Note the energy reduction is during the test period and the extra fuel immediately follows the test period - so by comparing on vs. off test rather than on (for a long duration) vs off test (prior to tests), the test shows savings that are relative to the wrong base.
In fact if a system is under less than 100% load a well "planned" test of this type can always show 100% apparent savings simply by "claiming" the slack in the system. I believe this is probably the biggest standard "clip on boiler sequencer" fraud out there. The parties involved change the name of their company / or operation fast enough that they can make money by duping the buyers while avoiding the law.
Vilnis talks about maintaining minimum temperature:
Remember in this case that heat is flowing out of the building all the time (even when the heating is off) and over the course of a day or a week, all the heat lost must be balanced by heat input, regardless of how intermittently it is supplied. In fact, to maintain the same minimum inside temperature with intermittent heat input, you would use more fuel by having to maintain a higher average.This is 100% correct BUT there are two important related points:
Similar considerations apply to voltage reduction, in that any reduction in current, while proving a reduction in instantaneous power, does not take running hours into account. A thermostatically-controlled electric heater in particular will run for longer in order to deliver the required quantity of heat, negating any apparent savings inferred from a spot check.
Not all targets are constant - If you need a lower minimum temperature (say overnight) - then the target should always be lowered. Night setback recognises that people sleep lying down - and we lose heat faster standing up (like radiators we are vertically mounted when operational). So not only is our required body temperature lower (slowing metabolism) it also takes cooler conditions to maintain it. In this case eg in residential buildings (OR UNOCCUPIED BUILDINGS) we should always set minimum targets and maximum targets as liberally as possible - to allow the control system to trigger least spend.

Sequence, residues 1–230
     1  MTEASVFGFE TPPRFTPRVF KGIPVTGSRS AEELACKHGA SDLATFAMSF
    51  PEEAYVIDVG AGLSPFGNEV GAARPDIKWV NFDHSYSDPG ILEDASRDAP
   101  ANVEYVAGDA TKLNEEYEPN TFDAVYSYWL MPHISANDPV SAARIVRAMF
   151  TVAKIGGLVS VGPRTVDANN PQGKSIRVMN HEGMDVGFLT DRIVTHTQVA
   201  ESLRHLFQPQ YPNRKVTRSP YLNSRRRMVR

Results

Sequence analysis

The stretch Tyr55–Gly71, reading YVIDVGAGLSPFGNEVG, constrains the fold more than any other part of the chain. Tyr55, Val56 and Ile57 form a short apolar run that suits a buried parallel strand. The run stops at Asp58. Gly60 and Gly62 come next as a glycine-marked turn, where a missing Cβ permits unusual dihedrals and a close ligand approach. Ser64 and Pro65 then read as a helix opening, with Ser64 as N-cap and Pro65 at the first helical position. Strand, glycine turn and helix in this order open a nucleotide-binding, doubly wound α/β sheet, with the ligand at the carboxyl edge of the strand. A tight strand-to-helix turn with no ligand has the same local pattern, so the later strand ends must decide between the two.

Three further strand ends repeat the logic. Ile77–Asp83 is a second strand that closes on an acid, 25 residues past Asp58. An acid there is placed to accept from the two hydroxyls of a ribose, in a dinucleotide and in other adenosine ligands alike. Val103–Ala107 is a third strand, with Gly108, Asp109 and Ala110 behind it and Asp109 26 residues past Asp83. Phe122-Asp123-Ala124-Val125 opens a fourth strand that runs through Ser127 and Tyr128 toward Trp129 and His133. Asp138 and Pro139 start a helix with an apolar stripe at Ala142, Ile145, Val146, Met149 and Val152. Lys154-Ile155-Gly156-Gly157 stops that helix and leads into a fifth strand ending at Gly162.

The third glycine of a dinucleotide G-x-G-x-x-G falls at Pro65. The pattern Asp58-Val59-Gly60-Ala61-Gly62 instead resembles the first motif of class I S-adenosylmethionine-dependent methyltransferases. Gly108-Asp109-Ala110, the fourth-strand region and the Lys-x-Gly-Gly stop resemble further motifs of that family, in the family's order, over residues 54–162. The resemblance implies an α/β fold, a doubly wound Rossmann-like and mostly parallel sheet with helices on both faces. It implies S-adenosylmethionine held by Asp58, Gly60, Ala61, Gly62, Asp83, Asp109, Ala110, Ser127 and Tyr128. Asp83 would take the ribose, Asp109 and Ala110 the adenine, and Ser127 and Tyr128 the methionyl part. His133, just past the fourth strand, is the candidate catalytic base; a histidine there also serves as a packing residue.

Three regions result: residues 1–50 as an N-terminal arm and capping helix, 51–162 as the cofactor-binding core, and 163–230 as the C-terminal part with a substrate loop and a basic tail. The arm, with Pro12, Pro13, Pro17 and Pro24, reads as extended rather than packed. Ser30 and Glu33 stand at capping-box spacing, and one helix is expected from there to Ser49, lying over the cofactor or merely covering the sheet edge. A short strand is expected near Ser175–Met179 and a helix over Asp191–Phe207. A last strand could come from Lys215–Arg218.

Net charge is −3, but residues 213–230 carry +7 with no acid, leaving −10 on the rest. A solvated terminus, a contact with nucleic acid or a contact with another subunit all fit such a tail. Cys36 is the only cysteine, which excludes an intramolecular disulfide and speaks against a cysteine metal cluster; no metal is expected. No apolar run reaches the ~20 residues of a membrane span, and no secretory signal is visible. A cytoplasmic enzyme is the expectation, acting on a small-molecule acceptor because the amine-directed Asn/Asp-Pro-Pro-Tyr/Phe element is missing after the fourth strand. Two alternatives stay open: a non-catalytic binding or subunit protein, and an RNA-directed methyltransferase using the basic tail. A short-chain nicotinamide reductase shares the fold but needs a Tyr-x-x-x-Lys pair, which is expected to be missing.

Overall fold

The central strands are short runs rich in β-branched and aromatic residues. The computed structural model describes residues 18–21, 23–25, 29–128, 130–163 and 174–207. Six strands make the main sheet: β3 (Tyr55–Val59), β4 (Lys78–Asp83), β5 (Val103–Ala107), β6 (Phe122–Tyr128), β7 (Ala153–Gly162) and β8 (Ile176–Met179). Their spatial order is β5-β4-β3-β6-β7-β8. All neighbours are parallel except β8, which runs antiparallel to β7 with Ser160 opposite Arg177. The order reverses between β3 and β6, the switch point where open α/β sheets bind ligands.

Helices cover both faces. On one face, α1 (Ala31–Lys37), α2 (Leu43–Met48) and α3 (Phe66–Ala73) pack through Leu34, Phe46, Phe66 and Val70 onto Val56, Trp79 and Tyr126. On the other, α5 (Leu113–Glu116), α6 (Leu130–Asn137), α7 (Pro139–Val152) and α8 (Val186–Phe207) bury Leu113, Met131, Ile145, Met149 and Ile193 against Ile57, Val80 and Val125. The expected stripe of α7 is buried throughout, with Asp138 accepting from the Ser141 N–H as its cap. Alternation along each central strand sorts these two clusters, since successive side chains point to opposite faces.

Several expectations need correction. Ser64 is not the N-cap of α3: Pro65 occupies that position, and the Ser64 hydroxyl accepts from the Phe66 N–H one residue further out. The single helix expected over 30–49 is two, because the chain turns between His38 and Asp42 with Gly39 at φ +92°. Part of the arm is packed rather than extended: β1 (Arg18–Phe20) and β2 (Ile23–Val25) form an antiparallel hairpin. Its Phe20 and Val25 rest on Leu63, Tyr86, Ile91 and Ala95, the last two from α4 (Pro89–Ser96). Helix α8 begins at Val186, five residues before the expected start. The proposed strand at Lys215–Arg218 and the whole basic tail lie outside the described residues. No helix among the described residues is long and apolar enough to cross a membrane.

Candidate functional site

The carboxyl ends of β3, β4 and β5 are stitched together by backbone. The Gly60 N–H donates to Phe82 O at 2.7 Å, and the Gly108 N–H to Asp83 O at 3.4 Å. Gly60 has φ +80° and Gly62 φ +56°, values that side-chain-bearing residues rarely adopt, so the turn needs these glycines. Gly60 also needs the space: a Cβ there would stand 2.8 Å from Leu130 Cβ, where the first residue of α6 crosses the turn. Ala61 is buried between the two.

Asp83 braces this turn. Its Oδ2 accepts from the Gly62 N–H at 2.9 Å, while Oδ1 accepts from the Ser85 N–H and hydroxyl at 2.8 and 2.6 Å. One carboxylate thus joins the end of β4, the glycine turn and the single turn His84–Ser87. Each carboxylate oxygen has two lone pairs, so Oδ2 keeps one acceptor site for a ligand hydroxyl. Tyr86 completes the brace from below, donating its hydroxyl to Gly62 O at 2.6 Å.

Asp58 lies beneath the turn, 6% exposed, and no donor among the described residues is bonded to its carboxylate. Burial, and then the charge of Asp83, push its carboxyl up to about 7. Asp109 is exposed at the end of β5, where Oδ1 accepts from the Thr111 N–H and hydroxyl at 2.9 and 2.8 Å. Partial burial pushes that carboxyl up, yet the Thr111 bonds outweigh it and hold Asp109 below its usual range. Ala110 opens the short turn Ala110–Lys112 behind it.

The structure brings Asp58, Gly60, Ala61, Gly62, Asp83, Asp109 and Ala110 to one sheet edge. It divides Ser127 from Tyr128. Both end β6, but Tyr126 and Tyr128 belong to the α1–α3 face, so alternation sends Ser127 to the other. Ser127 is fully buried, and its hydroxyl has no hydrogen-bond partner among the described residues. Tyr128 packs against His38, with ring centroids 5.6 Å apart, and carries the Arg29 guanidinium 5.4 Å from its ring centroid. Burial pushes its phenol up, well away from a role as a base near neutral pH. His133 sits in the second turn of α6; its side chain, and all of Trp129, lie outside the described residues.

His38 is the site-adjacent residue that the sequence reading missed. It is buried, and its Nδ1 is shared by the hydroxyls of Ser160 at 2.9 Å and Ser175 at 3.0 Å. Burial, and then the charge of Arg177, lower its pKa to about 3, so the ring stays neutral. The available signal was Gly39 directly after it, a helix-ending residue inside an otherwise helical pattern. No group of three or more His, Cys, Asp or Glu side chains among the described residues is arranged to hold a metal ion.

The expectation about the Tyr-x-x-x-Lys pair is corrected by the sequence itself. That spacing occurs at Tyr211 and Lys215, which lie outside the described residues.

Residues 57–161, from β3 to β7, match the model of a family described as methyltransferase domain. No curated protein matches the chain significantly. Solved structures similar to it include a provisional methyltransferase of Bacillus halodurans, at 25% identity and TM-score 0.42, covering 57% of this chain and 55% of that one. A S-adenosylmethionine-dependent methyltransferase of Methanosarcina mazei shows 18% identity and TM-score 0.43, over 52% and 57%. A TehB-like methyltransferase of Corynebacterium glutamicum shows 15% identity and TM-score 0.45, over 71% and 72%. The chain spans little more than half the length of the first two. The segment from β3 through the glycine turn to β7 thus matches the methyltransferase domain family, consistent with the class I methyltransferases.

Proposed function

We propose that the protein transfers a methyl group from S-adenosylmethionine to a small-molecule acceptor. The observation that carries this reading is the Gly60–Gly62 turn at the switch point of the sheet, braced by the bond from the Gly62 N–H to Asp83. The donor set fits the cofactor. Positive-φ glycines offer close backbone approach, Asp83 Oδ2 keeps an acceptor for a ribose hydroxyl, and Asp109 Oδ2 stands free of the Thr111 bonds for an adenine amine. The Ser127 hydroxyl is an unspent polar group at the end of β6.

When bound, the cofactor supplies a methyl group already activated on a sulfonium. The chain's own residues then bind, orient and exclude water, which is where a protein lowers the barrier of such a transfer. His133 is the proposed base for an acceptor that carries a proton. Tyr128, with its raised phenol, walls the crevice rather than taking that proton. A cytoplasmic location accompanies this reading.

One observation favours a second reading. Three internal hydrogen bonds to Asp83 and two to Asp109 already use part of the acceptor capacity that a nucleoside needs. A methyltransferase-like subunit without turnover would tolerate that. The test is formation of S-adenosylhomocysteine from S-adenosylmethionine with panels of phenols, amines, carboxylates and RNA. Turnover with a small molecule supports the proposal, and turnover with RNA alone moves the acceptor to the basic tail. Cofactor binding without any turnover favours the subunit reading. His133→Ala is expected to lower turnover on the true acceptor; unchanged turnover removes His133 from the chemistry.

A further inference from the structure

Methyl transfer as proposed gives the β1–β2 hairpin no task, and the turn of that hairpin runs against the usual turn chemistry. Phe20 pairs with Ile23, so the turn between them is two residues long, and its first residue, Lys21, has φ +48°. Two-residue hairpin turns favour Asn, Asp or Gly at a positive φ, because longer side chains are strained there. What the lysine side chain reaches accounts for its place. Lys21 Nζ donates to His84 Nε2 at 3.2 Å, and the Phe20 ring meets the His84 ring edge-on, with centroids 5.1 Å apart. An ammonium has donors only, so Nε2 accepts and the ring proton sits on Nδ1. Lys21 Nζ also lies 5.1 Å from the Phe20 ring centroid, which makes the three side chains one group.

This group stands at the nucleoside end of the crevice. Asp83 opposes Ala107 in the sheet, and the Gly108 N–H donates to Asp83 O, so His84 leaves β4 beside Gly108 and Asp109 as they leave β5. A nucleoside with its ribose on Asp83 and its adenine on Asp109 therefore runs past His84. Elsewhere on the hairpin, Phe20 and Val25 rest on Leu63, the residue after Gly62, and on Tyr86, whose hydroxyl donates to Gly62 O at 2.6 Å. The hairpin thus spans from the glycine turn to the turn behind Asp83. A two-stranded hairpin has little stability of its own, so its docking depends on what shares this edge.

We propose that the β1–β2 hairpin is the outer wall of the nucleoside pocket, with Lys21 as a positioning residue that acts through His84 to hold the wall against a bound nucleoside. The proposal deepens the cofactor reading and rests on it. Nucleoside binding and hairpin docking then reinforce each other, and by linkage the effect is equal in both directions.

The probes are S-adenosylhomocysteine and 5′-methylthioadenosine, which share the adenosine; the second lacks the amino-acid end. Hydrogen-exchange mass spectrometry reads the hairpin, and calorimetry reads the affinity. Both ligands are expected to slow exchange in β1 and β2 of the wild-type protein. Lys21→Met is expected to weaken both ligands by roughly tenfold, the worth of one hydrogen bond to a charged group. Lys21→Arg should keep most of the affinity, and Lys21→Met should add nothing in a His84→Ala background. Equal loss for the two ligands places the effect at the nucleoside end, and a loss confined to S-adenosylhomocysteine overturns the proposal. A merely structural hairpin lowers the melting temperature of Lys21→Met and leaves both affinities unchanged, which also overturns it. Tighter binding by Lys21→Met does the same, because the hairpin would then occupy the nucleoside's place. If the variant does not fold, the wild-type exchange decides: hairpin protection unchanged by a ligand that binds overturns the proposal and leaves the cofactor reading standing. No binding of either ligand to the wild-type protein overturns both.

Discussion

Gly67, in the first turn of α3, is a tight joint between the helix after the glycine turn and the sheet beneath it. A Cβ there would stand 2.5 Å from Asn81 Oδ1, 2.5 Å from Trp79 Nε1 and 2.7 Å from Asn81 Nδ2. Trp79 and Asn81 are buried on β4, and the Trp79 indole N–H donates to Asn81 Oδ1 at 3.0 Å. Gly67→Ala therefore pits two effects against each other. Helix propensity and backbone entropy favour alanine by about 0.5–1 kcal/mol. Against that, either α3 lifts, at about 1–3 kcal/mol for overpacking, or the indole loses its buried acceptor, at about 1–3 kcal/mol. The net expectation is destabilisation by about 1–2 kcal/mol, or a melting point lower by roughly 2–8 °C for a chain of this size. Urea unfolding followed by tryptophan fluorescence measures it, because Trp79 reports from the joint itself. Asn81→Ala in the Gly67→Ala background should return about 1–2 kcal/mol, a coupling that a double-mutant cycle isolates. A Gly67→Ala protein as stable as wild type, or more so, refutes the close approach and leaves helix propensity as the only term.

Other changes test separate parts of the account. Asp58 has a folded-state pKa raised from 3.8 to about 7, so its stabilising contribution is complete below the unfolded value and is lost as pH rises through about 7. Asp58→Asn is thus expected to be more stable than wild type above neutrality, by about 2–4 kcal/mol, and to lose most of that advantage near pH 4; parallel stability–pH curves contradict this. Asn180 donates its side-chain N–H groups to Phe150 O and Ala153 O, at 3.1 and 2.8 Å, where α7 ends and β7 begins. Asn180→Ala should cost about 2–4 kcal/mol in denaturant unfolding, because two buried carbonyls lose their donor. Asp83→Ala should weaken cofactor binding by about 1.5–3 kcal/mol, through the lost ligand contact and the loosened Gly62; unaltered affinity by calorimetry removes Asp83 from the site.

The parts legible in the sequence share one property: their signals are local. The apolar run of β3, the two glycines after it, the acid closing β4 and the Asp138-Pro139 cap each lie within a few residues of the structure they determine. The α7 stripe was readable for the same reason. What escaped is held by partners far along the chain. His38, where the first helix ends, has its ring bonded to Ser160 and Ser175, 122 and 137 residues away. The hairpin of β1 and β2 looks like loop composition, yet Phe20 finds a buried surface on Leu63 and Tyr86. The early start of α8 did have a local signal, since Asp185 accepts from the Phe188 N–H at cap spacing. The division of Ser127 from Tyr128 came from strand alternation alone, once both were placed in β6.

This also assumes that say a boiler has efficient temperature modulation (many boilers run on-off using time modulation rather than temperature modulation). In boilers that have pre- and post- firing combustion chamber purges (pressurized rather than atmospheric boilers) a wider control band targeting minimum low return temperatures but firing to higher temperatures to prevent rapid cycling can be an efficiency boon (at times of less than 100% load - ie most of the year)
Vilnis is a little soft on secrets:
6. Secret ingredients or principles of operation: claims based on secrets are by their nature hard to assess in principle, so secrecy is the perfect cloak for trickery. However, if you are looking for a way to deter a persistent salesman, you can use secrecy against them. Just fall back on a health-and-safety argument. Ask for toxicity and materials-compatibility tests on any chemical constituents. And if somebody tries to sell you a magnetic device so powerful that it can affect oil or gas, ask for information about its effects on human tissue and body fluids.In combination with Patents (a publication allowing reproduction of the benefit -"in theory") secrets do not hold water - patents are not secret - end of discussion.
If salesperson tells me they will use a secret means to help me save energy - they in my estimation almost certainly a charlatan. (It is acceptable for a salesman to admit they do not understand the technical detail of their product - but in this case they should have explanatory literature or technical back up. In general if you do not understand why it works it probably doesn't - so don't buy !
Vilnis on Patents (Note: for my sins I was an Assistant Patent Search Examiner in Europe for a while)
He is right ! -
1) I can think of no energy saving device that is creditable simply because it has a patent.
2) I can think of many that are not.
3) Many truly effective devices are patented - but the patent offers a temporary monopoly protection in exchange for publication - so
a) it is not secret,
b) the patent has no bearing on the efficacy
Vilnis on Social Proof
Vilnis covers testimonials, science, and accreditation and simple social "proof"
1) Your mileage may vary
2) Trust your scepticism - there are several billion people out there to give testimonials (some for hire)
3) Science is a debate - not a conclusion (A Physical Law is still only a tentative conclusion that has stood an extensive test of time - longer that say Biological Evolution Theory (and even more than mere conjecture)
4) Just because a million people believe something does not make it so
Regarding sales tactics - caveat emptor - buyer beware. A great way to stay aware is to follow Vilnis' blog in my opinion.
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- How Now Green Con? - fraudster challenge series
- Energy Saving Fraud - #2
- Red Pill or Blue Pill?
- Matching energy demand and supply (compensation)